Supporting students with Executive Functioning deficits is a big part of the consultations that I do at my schools. Below is a Google Drive link with a wide variety of materials, readings, and tools to help out those students who need more support with Executive Skills.
The Program for the Education and Enrichment of Relational Skills (PEERS®) was originally developed at UCLA by Dr. Elizabeth Laugeson, Founder and Director of the UCLA PEERS® Clinic, and Dr. Fred Frankel in 2005 and has expanded to locations across the United States and the world. PEERS® is a manualized, social skills training intervention for youth with social challenges. It has a strong evidence-base for use with adolescents and young adults with an autism spectrum disorder but is also appropriate for preschoolers, adolescents, and young adults with ADHD, anxiety, depression, and other socioemotional problems.
- PEERS® for Adolescents: We offer a 16-week evidence-based social skills intervention for motivated adolescents in middle school or high school who are interested in learning ways to help them make and keep friends. For more information, please visit the PEERS® for Adolescents section.
- PEERS® for Young Adults: We offer a 16-week evidence-based social skills intervention for motivated young adults (18-35 years old) who are interested in learning ways to help them make and keep friends, and to develop romantic relationships. For more information, please visit the PEERS® for Young Adults section.
- PEERS® for Preschoolers: We offer a 16-week evidence-based social skills intervention for children diagnosed with Autism Spectrum Disorder between 4 to 6 years of age who have difficulty in their peer interactions and friendships. For more information, please visit the PEERS® for Preschoolers section.
Director: Elizabeth Laugeson, Psy.D.
Site: Semel Institute/NPI
From the Director Dr. Laugeson-
Role play videos for social skills.
Starting Individual Conversations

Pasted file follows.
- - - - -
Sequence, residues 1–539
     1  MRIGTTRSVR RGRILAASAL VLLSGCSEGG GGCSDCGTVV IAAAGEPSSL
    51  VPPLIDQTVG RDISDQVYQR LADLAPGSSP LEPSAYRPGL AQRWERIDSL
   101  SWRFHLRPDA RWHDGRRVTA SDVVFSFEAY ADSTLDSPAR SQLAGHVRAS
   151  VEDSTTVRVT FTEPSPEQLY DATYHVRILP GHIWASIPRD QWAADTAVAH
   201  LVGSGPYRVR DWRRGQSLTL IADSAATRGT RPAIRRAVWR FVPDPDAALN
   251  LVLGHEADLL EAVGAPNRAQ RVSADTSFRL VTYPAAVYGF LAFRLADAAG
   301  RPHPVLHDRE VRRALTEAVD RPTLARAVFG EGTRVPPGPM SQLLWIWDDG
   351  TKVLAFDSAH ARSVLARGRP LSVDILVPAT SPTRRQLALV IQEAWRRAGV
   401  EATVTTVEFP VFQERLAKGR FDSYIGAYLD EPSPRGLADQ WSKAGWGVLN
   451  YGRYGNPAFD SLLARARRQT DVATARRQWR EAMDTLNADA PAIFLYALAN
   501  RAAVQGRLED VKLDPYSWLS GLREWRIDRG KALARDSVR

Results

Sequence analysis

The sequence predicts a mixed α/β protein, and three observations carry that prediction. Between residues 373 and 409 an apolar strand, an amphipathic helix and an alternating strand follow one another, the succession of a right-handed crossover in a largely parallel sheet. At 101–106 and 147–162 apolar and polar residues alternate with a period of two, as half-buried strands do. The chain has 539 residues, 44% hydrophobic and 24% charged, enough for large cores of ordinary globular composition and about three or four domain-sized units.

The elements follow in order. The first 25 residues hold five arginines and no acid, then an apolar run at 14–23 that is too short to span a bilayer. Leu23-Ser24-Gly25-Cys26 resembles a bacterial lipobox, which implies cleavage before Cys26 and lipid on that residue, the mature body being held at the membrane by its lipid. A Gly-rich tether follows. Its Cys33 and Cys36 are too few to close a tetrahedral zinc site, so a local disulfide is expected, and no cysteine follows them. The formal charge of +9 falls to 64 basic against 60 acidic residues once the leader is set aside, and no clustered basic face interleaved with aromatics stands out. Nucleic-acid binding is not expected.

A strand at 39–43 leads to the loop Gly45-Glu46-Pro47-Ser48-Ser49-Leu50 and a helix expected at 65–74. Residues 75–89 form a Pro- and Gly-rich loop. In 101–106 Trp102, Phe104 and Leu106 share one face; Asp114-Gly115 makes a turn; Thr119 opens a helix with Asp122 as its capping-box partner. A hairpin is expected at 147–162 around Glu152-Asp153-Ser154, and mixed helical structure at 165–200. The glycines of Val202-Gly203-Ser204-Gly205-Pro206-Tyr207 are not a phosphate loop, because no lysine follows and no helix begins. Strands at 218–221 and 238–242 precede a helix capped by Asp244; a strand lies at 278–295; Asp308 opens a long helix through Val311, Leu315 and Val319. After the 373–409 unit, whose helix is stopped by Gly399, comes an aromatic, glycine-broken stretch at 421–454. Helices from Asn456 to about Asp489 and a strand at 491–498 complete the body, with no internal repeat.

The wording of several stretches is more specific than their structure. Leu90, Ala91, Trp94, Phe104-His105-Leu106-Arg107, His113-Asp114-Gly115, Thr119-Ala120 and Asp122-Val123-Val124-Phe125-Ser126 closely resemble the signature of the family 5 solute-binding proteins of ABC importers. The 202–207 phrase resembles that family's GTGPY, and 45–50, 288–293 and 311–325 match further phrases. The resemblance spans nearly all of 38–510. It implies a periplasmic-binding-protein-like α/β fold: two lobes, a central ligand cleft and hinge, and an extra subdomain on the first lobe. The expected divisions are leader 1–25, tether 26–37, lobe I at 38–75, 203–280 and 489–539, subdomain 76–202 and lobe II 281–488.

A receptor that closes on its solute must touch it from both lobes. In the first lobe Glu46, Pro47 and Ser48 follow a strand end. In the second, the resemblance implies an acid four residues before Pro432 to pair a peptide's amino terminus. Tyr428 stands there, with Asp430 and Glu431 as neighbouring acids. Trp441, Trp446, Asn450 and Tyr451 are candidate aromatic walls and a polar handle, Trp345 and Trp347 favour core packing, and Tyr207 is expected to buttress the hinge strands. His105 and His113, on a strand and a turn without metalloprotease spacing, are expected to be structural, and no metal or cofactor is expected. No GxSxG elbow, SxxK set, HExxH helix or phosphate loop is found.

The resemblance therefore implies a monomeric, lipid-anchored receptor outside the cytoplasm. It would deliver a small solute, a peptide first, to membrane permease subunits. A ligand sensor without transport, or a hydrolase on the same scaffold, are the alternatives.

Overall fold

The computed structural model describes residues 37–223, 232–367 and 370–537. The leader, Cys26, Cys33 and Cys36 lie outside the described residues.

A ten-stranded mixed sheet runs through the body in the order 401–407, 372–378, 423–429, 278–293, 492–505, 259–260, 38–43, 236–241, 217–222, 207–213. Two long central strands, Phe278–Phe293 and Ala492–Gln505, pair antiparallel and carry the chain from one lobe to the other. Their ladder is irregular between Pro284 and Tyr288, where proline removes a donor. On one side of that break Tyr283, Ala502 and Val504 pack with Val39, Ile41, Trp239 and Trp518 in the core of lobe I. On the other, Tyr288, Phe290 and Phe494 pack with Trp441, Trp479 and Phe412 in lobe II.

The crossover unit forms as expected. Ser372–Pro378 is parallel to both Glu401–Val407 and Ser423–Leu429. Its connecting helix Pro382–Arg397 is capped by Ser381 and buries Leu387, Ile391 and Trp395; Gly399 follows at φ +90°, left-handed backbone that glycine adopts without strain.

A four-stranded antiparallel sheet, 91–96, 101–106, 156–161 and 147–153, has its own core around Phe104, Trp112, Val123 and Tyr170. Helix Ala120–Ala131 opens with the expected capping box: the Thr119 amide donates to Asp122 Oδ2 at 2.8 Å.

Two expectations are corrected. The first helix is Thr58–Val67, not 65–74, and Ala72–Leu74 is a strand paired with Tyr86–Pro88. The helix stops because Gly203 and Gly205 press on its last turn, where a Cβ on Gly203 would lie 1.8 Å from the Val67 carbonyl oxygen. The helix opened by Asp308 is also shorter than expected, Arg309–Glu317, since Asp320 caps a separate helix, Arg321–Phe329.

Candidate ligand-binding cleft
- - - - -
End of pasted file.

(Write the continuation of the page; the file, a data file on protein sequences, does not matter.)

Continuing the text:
|Starting an individual conversation (bad example)|
|Starting an individual conversation (good example)|
Entering Group Conversations
|Entering a group conversation (bad example)|
|Entering a group conversation (good example)|
|Exiting when never accepted (bad example)|
|Exiting when never accepted (good example)|
|Exiting when initially accepted and then excluded (good example)|
|Exiting when fully accepted (bad example)|
|Exiting when fully accepted (good example)|
Appropriate Use of Humor
Appropriate Use of Humor
|Don’t be a referee|
|Don’t be a coach|
|Don’t be competitive|
|Help and show concern if someone is injured|
|Suggest a change if bored|
|Don’t be a bad winner|
|Don’t be a sore loser|
|Being a good sport (good example)|
|Beginning a get-together (bad example)|
|Beginning a get-together (good example)|
|Ending a get-together (bad example)|
|Ending a get-together (good example)|
|Handling teasing (male example)|
|Handling teasing (female example)|
Handling Rumors and Gossip
|Spread the rumor about yourself (bad example)|
|Spread the rumor about yourself (good example)|
Active and inattentive students can be difficult to support in the classroom. In my experience the number one intervention is developing a trusting student/ teacher relationship. The second most successful intervention is high quality instruction that is predictable and measured. Below are some links to help with the process.
First Read this:
ADHD Accommodations (Cheat Sheets)
ADHD Classroom (Mind Set)
Classroom Interventions for Attention Deficit/Hyperactivity Disorder (Nice and Succinct)
“Most teachers and adults could benefit from pretending that all kids in their class have ADHD – what is good for kids with ADHD is good for all kids.” – Dr. Hallowell
For students that have been identified as needing medication to support learning at school monitoring the effectiveness and side effects can be challenging. It is important that the school is equipped to give adequate feedback to physicians to make informed decisions for the medications they prescribe.
I am currently having good success with, The Taylor School Medication Effectiveness Report. It allows a report card like a grading system for the positive outcomes of medication as well as the negative side effects that the student might be experiencing.
Link in Spanish: Spanish